The winner of the challenge used biomimicry to create a water filter that was attached to a backpack. This was an awesome solution to the clean water problem commonly faced in Africa. In general, it was great hearing from Derreck because he was so inspirational. He is an entrepreneur, who has helped start The Soap Project to help recycle soap from hotels in the US to be given to people who need it in Africa.
Derreck gave us a lot of good advice and emphasized how important it is to understand the people you are trying to help. Without knowing the lifestyle or need, your invention could really be unrealistic. I hope someday I can be as happy and have as much passion for helping others as Derreck.
Winning Reflection - Kendra Patton
This week’s innovation challenge was centered around the topic of human perception. Teams of three students, of various academic backgrounds, were put to the task of identifying observable changes between before and after pictures, as well as the change through pictures in sequence. Imagine this task to be a mashup of “I Spy” and those “before and after” games in magazines. For the before and after portion of the challenge, teams were told that there were between 4 and 10 changes between the two images. Unfortunately, these changes were no where near as noticeable as the massive amounts of weight lost, or hair gained which we have grown accustomed to based on TV before and after advertisements. Instead, the pictures were primarily of office spaces. Objects in the rooms included chairs, desks, books, computers, office supplies, and sometimes people. The before and after images were shown several times to the teams, afterwards, teams had 30 seconds to turn in a piece of paper with the changes they noticed written down. For the rounds that showed the same scene, with slight alterations, over a 6-8 frame sequence, the images were shown twice, and then the teams had 30 seconds to turn in their descriptions of the changes. Finally, there was a bonus round which consisted of a video that instructed us viewers to pay close attention and count the number of footballs that crossed the screen in 10 seconds. The scores were then calculated based on the number of changes accurately observed and a winning team was announced.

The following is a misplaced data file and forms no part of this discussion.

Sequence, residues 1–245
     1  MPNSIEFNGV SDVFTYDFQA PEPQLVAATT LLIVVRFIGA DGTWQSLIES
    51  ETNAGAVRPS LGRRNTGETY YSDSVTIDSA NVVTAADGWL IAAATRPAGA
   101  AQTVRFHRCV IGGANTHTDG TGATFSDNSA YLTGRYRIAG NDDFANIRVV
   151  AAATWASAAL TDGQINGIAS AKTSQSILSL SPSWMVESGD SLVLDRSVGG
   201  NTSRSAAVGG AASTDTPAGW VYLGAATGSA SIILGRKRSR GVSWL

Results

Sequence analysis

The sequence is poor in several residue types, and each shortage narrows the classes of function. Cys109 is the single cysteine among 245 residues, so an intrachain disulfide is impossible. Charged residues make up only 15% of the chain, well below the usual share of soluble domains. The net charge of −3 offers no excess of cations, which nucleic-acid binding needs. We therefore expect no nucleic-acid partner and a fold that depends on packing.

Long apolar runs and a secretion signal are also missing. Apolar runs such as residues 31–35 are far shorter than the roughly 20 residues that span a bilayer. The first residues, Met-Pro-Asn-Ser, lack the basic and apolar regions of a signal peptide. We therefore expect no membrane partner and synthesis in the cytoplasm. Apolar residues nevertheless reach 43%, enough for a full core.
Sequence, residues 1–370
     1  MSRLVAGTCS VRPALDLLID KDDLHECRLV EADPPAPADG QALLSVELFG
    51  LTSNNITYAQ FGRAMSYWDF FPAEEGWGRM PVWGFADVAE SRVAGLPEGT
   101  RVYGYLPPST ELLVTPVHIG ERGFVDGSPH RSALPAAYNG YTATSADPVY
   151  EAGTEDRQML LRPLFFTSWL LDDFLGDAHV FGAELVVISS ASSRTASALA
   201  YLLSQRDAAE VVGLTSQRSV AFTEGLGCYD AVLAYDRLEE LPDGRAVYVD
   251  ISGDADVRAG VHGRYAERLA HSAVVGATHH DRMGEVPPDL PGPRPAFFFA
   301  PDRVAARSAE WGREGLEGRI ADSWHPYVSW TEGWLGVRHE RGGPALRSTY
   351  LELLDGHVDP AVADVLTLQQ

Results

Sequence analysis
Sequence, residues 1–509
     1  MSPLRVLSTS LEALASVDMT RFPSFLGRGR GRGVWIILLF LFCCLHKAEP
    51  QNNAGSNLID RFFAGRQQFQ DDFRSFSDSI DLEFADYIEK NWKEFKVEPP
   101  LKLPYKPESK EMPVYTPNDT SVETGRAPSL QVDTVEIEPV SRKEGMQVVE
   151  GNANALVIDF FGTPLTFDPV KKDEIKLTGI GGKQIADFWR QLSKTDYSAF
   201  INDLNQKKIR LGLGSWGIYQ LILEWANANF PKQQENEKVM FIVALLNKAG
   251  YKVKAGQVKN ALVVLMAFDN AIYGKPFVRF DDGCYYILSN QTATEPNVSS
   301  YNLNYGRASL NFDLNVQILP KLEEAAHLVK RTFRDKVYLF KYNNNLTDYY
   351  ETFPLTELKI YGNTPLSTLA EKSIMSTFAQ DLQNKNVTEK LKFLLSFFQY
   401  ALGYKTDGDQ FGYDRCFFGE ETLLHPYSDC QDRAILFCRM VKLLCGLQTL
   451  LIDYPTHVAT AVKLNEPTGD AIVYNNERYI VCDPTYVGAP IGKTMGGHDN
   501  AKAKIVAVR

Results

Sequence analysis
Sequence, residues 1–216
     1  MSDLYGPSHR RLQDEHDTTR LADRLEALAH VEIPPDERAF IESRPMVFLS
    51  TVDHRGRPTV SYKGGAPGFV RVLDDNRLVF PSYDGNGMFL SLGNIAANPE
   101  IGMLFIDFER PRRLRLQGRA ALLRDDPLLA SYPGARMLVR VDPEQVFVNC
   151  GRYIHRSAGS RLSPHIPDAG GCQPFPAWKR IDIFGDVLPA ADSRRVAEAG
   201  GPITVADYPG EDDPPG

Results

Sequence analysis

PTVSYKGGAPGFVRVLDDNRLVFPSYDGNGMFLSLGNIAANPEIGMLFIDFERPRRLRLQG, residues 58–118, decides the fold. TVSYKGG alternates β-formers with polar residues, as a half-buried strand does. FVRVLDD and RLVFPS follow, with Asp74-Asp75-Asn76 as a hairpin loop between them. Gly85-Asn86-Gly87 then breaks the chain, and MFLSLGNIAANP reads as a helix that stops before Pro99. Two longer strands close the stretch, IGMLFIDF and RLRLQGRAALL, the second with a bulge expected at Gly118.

This challenge put everyone on an equal playing field, since no one academic major could be advantageous to identifying the changes that occurred between the pictures. Without an academic foundation to approach this challenge, our team decided to talk strategy and split the picture into quadrants in order to make the challenging task more manageable. Right away, the task seemed quite formidable. There was a lot going on in the picture and it could be overwhelming to try and keep note of all the objects and their placement; not to mention that the short term memory skills were tested to the max by this challenge. After the first two before and after picture rounds, we realized that most of the changes were occurring in the middle of the picture. So, we decided to adapt our strategy. We agreed to each spend a little time at the beginning searching for changes in our respective quadrants, to then turn each of our attention to the middle of the picture so that we could observe the highest number of changes. This strategy worked well, as we began to catch a higher percentage of the changes. Our team communication skills were put to the test by the second component of this challenge, the pictures in sequence. The pictures cycled through rather quickly, which meant that people had to say what changes they had just observed, while still looking at the picture so that they may have a hope at recognizing what will change in the next pictures. Our team designated one person to write the observations down to assist with this task. We felt accomplished as a team because we began recognizing the themes of what would change, such as chair placement, which helped us focus our attention. Overall, we did very well, ending up in second place; we had noticed five less observations than the winning team.